Richard Vetter has an interesting article at Minding the Campus with a strange start.  You should read the whole thing as vouchers for college is an interesting idea.  Near the beginning of Let’s Privatize State Colleges he categorizes colleges:

Some of them are renowned highly selective research institutions like the University of California at Berkeley or the University of Michigan, while others are relatively obscure schools with an open admissions policy. But all receive some degree of subsidization from the state government where they are physically located.

Writers love groups of three: Papa Bear, Mama Bear, and Baby Bear.  In Bonanza there is Adam, Hoss, and Little Joe.  In the Brady Bunch there is a dad with three boys marries a mom with three daughters.  When you add in the Brady’s housekeeper there are three groups of three.  Perfect.  Yet Richard has just two: Berkeley and open admissions.  It is particularly strange because the middle, what we will call comprehensives, is almost surely the majority of state college enrollment.  Here is a 2016 story for the University of Wisconsin System.  There are (rounding) 43,000 students at Madison (a Berkeley clone), 11,000 at the colleges (they have open admissions or close to it) out of 179,000.  The remaining 125,000 or 70 percent are enrolled elsewhere.  To call the 125,000 comprehensives is slightly expansive but that is what we are going with.  States will vary but comprehensives are likely a majority of enrollment nationwide.

Sidebar: The University of Wisconsin Milwaukee has 26,000 students and doesn’t fit as a comprehensive because it has a significant doctoral program but it is not, sorry, Berkeley.  The Carnegie classification is much more detailed. Check the numbers at the link.  There are 130 doctoral schools with very high research and 741 masters degree schools which is the traditional definition of a comprehensive.   We will use the term comprehensive to include these second tier research programs and some schools without a masters program.  We know there are more categories.  End Sidebar.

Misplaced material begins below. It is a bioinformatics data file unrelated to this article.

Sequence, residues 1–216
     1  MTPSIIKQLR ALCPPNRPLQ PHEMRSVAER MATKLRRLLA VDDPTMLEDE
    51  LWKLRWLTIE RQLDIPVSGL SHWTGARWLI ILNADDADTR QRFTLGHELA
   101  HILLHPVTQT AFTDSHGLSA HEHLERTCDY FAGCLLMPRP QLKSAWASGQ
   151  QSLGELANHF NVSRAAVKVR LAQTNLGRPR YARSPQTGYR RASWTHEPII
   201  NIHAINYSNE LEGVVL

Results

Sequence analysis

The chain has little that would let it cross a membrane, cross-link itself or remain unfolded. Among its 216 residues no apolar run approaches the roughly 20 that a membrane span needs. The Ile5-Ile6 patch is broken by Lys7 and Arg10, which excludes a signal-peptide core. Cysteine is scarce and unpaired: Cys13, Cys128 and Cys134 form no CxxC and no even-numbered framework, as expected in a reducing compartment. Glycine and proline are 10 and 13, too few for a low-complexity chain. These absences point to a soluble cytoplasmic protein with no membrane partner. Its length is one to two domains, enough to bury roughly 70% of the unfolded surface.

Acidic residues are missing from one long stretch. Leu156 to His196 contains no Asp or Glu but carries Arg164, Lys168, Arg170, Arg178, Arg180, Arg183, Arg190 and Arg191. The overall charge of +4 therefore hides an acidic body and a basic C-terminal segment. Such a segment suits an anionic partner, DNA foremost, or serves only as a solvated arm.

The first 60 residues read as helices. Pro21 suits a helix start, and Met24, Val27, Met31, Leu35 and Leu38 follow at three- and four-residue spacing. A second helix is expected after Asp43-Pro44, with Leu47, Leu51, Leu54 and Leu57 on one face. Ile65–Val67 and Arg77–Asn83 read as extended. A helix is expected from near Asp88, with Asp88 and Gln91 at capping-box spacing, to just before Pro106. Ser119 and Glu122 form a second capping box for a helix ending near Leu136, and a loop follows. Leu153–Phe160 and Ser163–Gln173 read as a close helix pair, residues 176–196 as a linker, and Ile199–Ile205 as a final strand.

The comprehensives, as defined in the sidebar, are the biggest group of students.  Richard is not just talking about Berkeley.  Richard has a neat idea: Let’s give money to needy and/or accomplished individuals rather than schools.  He says:

Why don’t we provide vouchers for college attendance like some states do for students going to K-12 schools? The aid could be more explicitly targeted to kids who are either relatively poor or who excel academically.

We like vouchers for K-12 but are not supportive of Richard’s proposal for three (there is that number again) reasons: gamesmanship, lack of confidence in the state, and it is not a priority.  First, there is the opportunity for gamesmanship.  Do 529 accounts count? Is your parents’ income and assets considered if you go into the armed forces and then return to school?  The current system has enough of these challenges.  Making the potential returns bigger will only exacerbate the current challenges.

Second, we are expecting each state to come up with and adjust a system that prevents gamesmanship and deals with grad students, veterans, varying programs, and finances.  For example, 150 credits are required to sit for the CPA exam in most states.  Do you get five years in accounting but four years in finance?  We are not confident that the state will make things better.  Colleges have employee contracts that are set up before enrollment.  Under Richard’s system when a college does not reach enrollment targets there will be a big financial problem.  What will be the state’s plan for short-term versus long-term financial problems.  Will contracts be honored?

Third, and most importantly, state college vouchers should not be a priority for conservatives.  The reason vouchers for K-12 are a priority is to encourage competition.  Comprehensives are already intensely competitive within state and sometimes among states and they often have a program or two where they compete with the flagship school(s).  The flagship schools compete among states.  There is lots of overlap in the Wisconsin (Madison) and Minnesota application pools.  College vouchers might increase competition but there is already intense competition.

If we are going to spend our time on education we need to worry about (of course, three things) K-12 vouchers, union issues, and free speech, especially in college.  Vouchers for colleges is a fun topic to kick around among  conservatives (why not allow students to use them at private schools?) but it shouldn’t be a priority.

 

Paul McCartney In Madison

We accompanied the Lady de Gloves, our sister, and a friend to see Paul McCartney at the Kohl Center in Madison.  Wow! it was worth the trip.  Paul gave a three hour tour (just like Gilligan) of 38 songs from the Beatles, Wings, and his solo work.  You need to see him before this musical treasure is gone.

Paul’s voice is not the instrument it once was but he is still a joy to listen to.  What make it a great show is the songs, the organization, his presence, and his musical skills.  Paul is onstage for all three hours playing a variety of guitars, keyboards, and a (baby?) grand piano.  It makes three hours fly by.